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It’s rusty and badly pitted. Atari silk screened these panels – the paint was literally baked straght onto a metal plate to make the artwork stand up to the battering they would undoubtedly take on location. But I guess they weren’t thinking ahead 35 years, and didn’t imagine an arcade cabinet would sit in a barn for a good few years as my Battlezone had. Normally, I’d hunt down a scan of this art, and get an overlay printed up, remove this paint, sand smooth and replace it with a vinyl print. Amazingly, no one appears to have scanned the cabaret panel, which is different to the upright version.

Thankfully, a collector in the USA did a run of silk screened panels, using the same process as the original. I managed to grab a leftover from him, with a few blemishes on the red area:

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Yep – I can barely spot them either. Those that are there, are very light and will be covered up by the controls for the most part. I got a great deal, so I’m really pleased with this – to have a mint control panel is a great bonus. I reached out to the community here in the UK for an original Atari start button, as that appears to be missing from my cab. My collector friend Oliver came up trumps (thanks Oll!). Anyway, more on the controls and this panel later.

Back to the monitor. I identified what was the most likely suspect giving us partial collapse on the screen:

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Two transistors on the chassis board were bad. I was due to place an order from Ian Kellog’s site which sells parts for arcade monitors, so added these two components to my order, and waited for the postman to arrive a week or so later:

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Cracked open the soldering iron, removed the knackered parts and replaced!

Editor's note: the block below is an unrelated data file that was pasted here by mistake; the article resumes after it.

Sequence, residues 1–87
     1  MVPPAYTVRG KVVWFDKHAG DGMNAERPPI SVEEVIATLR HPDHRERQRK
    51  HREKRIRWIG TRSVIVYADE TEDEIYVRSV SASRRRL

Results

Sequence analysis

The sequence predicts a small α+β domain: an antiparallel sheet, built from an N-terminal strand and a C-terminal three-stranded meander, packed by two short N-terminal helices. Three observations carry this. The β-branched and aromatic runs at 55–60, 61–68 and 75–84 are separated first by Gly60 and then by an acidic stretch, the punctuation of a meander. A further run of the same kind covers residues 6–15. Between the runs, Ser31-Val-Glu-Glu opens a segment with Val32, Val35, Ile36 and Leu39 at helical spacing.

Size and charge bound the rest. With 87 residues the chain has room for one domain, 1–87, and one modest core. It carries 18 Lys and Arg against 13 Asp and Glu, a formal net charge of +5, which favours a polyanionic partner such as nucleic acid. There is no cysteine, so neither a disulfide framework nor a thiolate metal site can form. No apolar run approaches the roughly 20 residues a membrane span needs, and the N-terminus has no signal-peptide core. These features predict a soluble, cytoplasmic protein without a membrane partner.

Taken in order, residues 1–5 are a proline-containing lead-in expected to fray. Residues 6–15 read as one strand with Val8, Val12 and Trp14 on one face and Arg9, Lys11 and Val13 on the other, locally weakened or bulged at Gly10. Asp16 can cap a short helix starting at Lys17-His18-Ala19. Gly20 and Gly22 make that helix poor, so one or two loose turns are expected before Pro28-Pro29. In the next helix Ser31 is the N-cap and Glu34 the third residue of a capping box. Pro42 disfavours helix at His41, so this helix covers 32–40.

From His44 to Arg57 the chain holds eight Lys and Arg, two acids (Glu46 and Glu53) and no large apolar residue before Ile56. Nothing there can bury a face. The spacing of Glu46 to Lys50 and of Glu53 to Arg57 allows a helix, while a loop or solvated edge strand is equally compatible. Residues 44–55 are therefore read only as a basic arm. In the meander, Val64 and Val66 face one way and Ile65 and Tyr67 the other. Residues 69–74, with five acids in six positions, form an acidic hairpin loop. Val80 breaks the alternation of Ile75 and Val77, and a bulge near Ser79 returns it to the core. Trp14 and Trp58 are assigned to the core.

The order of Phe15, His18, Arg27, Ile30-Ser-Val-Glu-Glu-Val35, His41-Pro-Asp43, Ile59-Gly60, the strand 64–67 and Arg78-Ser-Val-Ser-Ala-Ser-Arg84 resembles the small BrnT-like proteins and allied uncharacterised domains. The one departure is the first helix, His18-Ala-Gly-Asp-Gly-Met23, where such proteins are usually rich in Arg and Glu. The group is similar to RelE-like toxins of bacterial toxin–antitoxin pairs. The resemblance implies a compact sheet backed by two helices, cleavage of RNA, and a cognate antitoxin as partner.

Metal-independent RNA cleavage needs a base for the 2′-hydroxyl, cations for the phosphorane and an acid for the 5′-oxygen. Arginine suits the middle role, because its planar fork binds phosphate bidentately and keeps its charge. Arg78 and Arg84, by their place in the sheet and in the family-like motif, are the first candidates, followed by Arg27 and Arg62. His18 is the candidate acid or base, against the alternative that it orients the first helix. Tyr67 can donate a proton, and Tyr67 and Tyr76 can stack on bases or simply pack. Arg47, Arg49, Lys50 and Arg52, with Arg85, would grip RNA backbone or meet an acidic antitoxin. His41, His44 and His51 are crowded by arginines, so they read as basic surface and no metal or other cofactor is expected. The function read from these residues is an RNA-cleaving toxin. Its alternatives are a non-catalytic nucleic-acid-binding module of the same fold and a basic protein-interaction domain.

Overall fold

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Bingo!

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Always good when the fix is simple. So we have a working monitor.

In part 2 we’ll get back out to the garage and work on the structure of the cabinet.

Thanks as always for reading this week – stay tuned for some good stuff I have in the works, including an arcade trip to the USA!

 

Tony

7 Comments Add yours

  1. Another awesome project coming on nicely. Great work as always!

    Liked by 1 person

  2. Eraysor says:

    Forgive my ignorance but do many arcade circuit boards have that seemingly hand-drawn layout on them? I’m so used to seeing silicon printed with extreme precision that the Battlezone board looks like a piece of art by itself.

    Like

  3. ben76 says:

    Nice work mate 🙂
    – Ben

    Liked by 1 person

  4. Neil McEwan says:

    Another great project here Tony. And another cab I prefer in it’s cabaret form than the upright which I find difficult to play on for anything more than short bursts.

    Liked by 1 person

  5. Lee says:

    How did you remove the plastic Perspex covering the monitor? It seems stuck when I tried to remove it. The bar at the top seems to be glued in place?

    Liked by 1 person

  6. Tony says:

    I imagine yours is just stuck with grime Lee. It should just lift out.

    Like